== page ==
In an editorial cleverly titled “Hangar plan is taking off,” in May 2019, we supported the action by Meriden’s City Council to approve bonding for new hangars at Meriden Markham Airport. “With a waiting list of around 60 pilots looking to store their aircraft indoors at Meriden Markham,” we wrote, “the new hangars are expected to pay for themselves through rental fees within the 20-year term of the bonds and then to continue generating revenue for the city for many years.”
A year and a half later, and six months into a pandemic that has thrown nearly everything into uncertainty, city officials held a ribbon-cutting ceremony for what project director Wilma Petro called the largest project in the airport’s 100-year-plus history. Five hangars were added, three on the airport’s Meriden side and two on the Wallingford side.
The move toward the future came after some debate. There was the feeling that in difficult times the airport project should be limited in scale. But proponents held their ground. “This is a huge day for the airport,” said Petro on the day of the ribbon-cutting.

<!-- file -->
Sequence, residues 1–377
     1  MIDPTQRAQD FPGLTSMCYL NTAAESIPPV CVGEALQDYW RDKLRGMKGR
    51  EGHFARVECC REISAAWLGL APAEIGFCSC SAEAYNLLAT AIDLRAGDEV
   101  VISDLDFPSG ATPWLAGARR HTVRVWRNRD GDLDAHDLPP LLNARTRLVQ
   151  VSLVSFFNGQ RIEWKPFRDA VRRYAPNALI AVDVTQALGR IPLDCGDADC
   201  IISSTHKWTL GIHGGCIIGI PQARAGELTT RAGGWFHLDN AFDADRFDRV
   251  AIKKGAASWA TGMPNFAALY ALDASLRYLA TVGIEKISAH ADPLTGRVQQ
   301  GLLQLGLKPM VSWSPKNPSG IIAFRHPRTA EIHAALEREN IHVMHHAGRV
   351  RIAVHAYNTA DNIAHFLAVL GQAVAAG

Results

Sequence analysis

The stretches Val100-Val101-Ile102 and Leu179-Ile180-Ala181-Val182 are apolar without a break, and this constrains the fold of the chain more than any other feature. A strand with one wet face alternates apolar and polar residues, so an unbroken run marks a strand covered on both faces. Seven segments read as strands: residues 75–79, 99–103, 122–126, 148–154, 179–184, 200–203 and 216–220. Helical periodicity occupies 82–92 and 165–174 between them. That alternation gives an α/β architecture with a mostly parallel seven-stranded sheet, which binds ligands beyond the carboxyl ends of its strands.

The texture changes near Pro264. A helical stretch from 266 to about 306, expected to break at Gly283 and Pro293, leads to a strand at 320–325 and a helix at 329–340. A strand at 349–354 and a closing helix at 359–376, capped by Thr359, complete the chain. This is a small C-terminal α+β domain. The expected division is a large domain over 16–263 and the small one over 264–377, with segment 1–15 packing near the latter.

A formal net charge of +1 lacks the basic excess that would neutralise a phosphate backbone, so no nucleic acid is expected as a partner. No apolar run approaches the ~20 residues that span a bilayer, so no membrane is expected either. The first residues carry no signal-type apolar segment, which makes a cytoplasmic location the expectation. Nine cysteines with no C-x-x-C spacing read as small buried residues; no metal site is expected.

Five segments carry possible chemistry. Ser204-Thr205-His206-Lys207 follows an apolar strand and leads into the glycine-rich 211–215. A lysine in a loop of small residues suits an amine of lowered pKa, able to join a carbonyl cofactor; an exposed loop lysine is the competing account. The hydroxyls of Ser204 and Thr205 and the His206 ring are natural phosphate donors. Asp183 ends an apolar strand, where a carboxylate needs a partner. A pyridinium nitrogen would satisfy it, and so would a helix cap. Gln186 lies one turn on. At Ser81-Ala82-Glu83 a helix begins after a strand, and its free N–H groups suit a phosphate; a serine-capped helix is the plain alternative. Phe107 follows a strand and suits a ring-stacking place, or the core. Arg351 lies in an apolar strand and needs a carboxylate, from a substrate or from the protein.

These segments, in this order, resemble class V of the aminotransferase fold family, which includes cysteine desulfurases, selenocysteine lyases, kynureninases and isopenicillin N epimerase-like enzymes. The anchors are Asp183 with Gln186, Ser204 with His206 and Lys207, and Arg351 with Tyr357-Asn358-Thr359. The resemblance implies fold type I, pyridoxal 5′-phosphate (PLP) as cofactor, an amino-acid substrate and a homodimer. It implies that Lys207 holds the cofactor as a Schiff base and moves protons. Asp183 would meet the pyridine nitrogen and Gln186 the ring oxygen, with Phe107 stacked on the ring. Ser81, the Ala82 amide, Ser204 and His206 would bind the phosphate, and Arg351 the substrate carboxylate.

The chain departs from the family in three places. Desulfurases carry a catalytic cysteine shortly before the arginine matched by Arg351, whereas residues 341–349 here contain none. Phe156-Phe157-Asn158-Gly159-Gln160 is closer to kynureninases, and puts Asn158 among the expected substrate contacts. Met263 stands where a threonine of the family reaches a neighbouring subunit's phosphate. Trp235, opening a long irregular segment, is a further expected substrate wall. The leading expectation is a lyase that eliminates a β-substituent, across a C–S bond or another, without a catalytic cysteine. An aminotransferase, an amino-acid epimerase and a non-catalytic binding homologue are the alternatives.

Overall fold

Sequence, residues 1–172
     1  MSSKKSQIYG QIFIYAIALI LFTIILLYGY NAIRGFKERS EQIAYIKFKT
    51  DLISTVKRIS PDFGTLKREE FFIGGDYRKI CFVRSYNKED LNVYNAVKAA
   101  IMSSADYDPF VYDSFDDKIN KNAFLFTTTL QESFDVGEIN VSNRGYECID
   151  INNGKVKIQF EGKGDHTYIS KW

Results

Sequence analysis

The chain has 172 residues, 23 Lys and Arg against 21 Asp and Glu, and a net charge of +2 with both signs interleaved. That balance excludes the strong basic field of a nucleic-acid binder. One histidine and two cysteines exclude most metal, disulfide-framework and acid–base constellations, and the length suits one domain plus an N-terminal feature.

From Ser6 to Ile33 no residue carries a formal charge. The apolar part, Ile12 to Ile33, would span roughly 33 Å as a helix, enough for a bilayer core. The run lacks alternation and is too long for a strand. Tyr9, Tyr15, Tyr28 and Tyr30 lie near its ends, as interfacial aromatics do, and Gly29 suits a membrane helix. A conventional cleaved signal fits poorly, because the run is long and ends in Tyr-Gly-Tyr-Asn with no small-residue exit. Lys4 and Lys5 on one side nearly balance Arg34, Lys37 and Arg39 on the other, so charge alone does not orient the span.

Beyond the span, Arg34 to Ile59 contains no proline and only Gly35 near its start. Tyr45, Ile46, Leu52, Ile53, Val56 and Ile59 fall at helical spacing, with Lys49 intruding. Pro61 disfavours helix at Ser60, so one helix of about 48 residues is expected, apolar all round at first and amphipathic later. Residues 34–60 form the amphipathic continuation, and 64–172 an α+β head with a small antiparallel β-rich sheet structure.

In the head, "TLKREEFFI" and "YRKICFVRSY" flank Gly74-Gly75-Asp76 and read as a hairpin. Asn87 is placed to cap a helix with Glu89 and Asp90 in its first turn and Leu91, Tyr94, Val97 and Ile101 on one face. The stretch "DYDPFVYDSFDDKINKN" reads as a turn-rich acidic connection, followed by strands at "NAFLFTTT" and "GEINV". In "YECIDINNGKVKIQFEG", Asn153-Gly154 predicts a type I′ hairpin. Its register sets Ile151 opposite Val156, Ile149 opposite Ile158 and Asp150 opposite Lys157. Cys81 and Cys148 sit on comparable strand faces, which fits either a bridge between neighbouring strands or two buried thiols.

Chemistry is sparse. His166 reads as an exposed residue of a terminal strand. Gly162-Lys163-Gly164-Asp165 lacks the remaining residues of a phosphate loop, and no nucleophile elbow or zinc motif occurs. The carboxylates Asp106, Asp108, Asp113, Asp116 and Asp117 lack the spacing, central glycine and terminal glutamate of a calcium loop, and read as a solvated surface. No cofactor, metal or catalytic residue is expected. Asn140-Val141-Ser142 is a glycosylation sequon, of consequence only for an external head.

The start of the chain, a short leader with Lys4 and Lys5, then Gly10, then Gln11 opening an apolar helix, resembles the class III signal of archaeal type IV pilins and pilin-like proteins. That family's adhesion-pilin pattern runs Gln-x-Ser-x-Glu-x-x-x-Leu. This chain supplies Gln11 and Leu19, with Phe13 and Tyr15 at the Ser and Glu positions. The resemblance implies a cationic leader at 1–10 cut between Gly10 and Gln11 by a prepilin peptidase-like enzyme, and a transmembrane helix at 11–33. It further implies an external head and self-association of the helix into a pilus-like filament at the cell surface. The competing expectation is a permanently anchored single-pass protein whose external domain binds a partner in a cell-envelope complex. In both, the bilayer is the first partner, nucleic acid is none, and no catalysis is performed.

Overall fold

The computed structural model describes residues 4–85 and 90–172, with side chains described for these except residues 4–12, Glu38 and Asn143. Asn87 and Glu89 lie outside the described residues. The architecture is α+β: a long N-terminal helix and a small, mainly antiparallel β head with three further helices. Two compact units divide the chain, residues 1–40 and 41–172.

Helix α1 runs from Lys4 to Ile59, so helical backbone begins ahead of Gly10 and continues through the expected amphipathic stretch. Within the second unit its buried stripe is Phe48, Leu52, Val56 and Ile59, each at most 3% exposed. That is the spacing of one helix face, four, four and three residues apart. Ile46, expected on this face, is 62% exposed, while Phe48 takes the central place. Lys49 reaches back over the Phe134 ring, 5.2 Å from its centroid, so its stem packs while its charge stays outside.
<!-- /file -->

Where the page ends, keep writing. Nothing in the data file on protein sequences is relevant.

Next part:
“This is a part (of Meriden) that’s been neglected for years through no one’s particular fault. It just was, it was treated as a step-child,” said Cathy Battista, a former city councilor who is a member of Meriden’s Aviation Commission. The addition of the hangars shows an airport no longer a subject of neglect.
It made sense to us in the spring of 2019 for the city to make the most of this municipal asset by continuing to upgrade the function and appearance of the airport. It continues to make sense in the fall of 2020.